Can I Use a Credit Card to Pay Student Loans?

Student loans are increasingly becoming one of the biggest problems in our nation. Our citizens have amassed over $1.3 trillion in student loan debt to pay for educations that are often not worth it. Students can come out of college with anywhere between $20,000 to $500,000 in student loan debt before they ever get started in life.

Solutions for student loan debt are rare, as well. Since they can’t normally be discharged in Chapter 7 bankruptcy, graduates are reaching out for relief in other ways. One of the many questions they ask is, “Can I use my credit card to pay student loans and then file for bankruptcy?”

Discharging credit card debt is easy enough in Chapter 7 bankruptcy, unless you’re using a credit card to pay off student loans. Unfortunately, cash advances from a credit card used to pay for student loans will often not be discharged in bankruptcy.

Why Is Credit Card Debt Used to Pay Student Loan Debt Nondischargeable?

Bankruptcy law separates debt into two categories; dischargeable and nondischargeable. Credit card debt is almost always dischargeable, but student loans are almost always not. Incurring credit card debt to pay a nondischargeable debt could be seen as bankruptcy fraud, and therefore forfeit your right to discharge.

Incurring Debt Prior to Filing Bankruptcy

Cash advances or purchases made on a credit card within 70 days prior to filing bankruptcy are likely to be reviewed by your creditors and the bankruptcy court. If the purchase was excessive, a type of ‘luxury’ item, or an attempt to fraud the creditor, your discharge could be rejected.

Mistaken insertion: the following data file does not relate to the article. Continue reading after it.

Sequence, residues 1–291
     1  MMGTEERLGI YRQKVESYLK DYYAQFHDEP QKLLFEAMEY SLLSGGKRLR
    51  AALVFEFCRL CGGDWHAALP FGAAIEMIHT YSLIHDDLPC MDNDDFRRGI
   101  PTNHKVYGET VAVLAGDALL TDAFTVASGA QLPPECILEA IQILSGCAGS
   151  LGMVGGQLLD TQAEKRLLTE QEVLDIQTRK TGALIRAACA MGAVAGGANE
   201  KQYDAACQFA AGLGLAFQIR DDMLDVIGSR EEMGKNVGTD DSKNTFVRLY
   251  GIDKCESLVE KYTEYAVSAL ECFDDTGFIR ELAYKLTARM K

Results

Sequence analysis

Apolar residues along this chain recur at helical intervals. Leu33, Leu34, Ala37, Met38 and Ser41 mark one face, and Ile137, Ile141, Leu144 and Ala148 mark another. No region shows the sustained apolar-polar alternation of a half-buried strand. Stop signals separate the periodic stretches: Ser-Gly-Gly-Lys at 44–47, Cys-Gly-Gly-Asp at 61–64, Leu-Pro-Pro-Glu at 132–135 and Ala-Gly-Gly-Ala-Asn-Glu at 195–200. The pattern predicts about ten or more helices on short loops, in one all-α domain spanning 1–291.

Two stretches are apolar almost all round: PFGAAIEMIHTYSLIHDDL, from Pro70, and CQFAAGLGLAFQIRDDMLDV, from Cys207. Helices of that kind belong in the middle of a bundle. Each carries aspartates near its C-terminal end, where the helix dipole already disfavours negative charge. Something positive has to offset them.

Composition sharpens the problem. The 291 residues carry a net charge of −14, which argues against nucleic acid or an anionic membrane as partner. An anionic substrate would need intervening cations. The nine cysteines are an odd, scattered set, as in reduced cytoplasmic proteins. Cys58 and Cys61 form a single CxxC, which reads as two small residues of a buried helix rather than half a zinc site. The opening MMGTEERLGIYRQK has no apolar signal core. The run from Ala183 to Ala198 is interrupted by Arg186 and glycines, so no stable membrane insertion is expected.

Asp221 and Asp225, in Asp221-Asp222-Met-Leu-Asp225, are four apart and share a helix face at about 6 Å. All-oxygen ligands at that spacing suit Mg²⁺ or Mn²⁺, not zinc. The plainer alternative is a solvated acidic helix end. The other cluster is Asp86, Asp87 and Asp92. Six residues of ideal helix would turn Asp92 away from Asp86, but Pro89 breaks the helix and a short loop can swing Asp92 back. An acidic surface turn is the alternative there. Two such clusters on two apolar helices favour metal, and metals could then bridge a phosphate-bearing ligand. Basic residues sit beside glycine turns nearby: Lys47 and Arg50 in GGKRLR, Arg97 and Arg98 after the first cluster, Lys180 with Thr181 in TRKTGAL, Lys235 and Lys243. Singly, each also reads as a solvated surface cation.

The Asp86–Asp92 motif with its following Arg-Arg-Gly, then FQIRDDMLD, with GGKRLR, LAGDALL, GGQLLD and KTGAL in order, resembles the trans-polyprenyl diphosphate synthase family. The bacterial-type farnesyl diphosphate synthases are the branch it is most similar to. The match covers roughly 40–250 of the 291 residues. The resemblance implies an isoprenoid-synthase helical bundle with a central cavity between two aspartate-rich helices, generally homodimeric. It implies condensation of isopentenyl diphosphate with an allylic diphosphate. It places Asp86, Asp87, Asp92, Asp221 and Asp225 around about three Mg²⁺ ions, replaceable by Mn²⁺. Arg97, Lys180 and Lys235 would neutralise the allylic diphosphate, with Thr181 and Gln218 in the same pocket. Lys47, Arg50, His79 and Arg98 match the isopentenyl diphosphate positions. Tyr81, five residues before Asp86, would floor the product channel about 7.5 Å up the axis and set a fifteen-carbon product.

How Can I Discharge Student Loan Debt in Chapter 7 Bankruptcy?

Discharging student loan debt in Chapter 7 bankruptcy is difficult because you have to prove extreme hardship. Doing so requires that you show the following:

  • You are unable to maintain a minimal standard of living by continuing to pay the student loans based on your income and other expenses.
  • Your financial situation is not temporary and will likely persist for a significant period of time.
  • You have shown a good faith effort by making what payments you could.

Fortunately, most bankruptcy courts consider discharging student loan debt an ‘all or nothing’ affair, meaning that if you can prove poverty, persistence, and good faith, all of your student loan debt could be discharged.

Bankruptcy attorney Kevin D. Judd is highly experienced at helping people throughout the Washington D.C. and Maryland area achieve their goals of becoming debt free.

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